New premier urged to make Black youth violence a priority

By Admin Wednesday February 06 2013 in Opinion
COMMENTS
1 Star2 Stars3 Stars4 Stars5 Stars (No Ratings Yet)
Loading ... Loading ...


 

The African Canadian Coalition of Community Organizations (ACCCO) sends its condolences to the parents of Kesean Williams and Tyson Bailey, as these families deal with the tragic and senseless loss of another two of our children.

 

Since January 1, we have already lost three members of our community to violence. It is because of the disproportionate number of deaths in our community that we make this public statement.

 

Over the past six months after the tragic events at Danzig, the ACCCO assumed the responsibility of bringing the serious condition of the impact of violence on our community to the attention of the various levels of government. We have been focusing our efforts over the last several months on ensuring that all levels of government work together with the ACCCO to provide culturally competent solutions, and the necessary funding to local initiatives that will enhance the lives of Black youth and youth at risk in the Province of Ontario.

 

Promises were made by various ministers and officials to take action. Commitments were made to include the ACCCO in implementing sustainable solutions to this endemic crisis. Currently we continue to meet in large government boardrooms with more promises “to take immediate action” even as lives continue to be lost. It is little wonder that trust in our leaders is diminishing.

 

The ACCCO is disappointed to hear that most of the funds from the Ontario government’s youth strategy to fight violence have already been allocated to groups outside of the African-Canadian community and that we are left alone to address the African-Canadian crisis.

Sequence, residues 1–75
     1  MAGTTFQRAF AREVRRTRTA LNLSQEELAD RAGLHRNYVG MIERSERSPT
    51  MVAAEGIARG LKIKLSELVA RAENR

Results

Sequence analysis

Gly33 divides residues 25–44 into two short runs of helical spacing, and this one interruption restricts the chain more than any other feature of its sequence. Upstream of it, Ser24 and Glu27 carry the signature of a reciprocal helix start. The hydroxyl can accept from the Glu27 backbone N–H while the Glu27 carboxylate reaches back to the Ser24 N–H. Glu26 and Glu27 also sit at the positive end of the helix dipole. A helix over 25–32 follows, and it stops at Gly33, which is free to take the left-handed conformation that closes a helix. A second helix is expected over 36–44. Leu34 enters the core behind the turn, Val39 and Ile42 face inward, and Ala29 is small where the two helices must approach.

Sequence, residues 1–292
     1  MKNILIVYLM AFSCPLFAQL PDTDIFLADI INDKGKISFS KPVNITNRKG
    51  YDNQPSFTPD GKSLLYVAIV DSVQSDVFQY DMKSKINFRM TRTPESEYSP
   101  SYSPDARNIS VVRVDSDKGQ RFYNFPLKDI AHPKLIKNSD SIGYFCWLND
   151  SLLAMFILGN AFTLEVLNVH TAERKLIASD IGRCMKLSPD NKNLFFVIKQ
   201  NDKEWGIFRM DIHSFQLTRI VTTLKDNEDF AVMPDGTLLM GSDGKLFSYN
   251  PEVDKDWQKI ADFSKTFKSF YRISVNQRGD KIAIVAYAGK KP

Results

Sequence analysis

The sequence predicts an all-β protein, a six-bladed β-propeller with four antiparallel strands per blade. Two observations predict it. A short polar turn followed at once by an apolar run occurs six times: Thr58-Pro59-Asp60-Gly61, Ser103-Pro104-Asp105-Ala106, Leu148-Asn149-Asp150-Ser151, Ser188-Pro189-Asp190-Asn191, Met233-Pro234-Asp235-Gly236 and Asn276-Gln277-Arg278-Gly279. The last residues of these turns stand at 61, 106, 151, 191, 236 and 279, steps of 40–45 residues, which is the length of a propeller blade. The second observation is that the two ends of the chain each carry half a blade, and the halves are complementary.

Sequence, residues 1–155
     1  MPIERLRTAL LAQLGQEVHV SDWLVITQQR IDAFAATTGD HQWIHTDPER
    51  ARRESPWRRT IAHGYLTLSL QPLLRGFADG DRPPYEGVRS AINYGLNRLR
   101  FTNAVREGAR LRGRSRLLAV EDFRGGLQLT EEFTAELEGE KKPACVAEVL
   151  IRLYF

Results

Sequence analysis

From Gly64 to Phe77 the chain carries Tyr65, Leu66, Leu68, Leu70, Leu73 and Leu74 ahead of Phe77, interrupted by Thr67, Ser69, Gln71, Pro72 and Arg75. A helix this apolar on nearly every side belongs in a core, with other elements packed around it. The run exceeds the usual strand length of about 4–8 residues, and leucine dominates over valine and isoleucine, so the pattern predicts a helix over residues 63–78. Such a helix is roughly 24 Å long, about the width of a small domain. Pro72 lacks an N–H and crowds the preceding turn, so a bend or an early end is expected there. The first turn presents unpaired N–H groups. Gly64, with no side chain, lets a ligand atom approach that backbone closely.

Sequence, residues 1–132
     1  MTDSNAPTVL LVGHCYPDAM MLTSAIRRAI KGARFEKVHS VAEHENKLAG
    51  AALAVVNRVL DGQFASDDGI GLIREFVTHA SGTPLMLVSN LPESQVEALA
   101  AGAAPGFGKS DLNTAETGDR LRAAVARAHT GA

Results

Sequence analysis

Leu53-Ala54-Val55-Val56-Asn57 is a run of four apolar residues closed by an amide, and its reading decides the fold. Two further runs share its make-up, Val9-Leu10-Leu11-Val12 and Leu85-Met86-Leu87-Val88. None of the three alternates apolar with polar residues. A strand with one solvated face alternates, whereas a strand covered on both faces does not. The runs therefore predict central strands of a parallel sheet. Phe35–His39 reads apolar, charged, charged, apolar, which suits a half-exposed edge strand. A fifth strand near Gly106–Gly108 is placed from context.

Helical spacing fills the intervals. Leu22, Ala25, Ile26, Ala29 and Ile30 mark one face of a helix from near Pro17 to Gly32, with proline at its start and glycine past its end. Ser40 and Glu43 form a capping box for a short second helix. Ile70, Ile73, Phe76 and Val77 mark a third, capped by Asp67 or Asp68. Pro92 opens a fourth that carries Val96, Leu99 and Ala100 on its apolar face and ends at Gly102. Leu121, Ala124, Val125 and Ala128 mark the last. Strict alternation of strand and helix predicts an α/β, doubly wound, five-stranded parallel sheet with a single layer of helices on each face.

We can only conclude that the African-Canadian community is not seen as a priority by the Government of Ontario. Why else would our community continue to be left out of the critical decision making process on funding for anti-violence programs? There is no amount of meetings and back room discussions that will take the place of grassroots work that must be done in our community. The ACCCO demands sincere and effective action immediately.

 

We want to bring to the attention of Ontario’s new Premier, Kathleen Wynne, the fact of yet more violent deaths of African-Canadian children. The extremely high proportion of African-Canadian men who are victims of homicide every year in the Greater Toronto Area is detrimental, not only to the future of African-Canadians, but the broader community as well. It must be recognized as a crisis by the broader community, and all levels of government. We are concerned that the various levels of government have not seen fit to express outrage and show concern about the disproportionate violent deaths in the African-Canadian community.

 

As a new agenda is set by Premier Wynne, we are stepping forward once again to say that the ACCCO is ready to do the work necessary to meet the challenges our community faces. We need a clear and urgent signal from the Premier that this is a priority for her.

 

The ACCCO urges the public to call the Premier’s office on behalf of all of those who have been murdered, and demand that priority be given to the crisis in our community, and that the new premier take action to address the crisis immediately.

 

In this time of crisis, it is imperative to heed the words of Nelson Mandela, former president of South Africa:

 

“Safety and security doesn’t just happen, they are the result of collective consensus and public investment. We owe our children, the most vulnerable citizens in our society, a life free of violence and fear.”

 

The African Canadian Coalition of Community Organizations (ACCCO) is made up of a consortium of organizations that have been focusing their efforts over the last several months on ensuring that all levels of government work together to provide culturally competent solutions, and the necessary funding to local initiatives seeking to enhance the lives of Black youth and youth at risk in the province of Ontario.

 

Leave a Reply

Your email address will not be published.

*

You may use these HTML tags and attributes: <a href="" title=""> <abbr title=""> <acronym title=""> <b> <blockquote cite=""> <cite> <code> <del datetime=""> <em> <i> <q cite=""> <s> <strike> <strong>

Columnists

Archives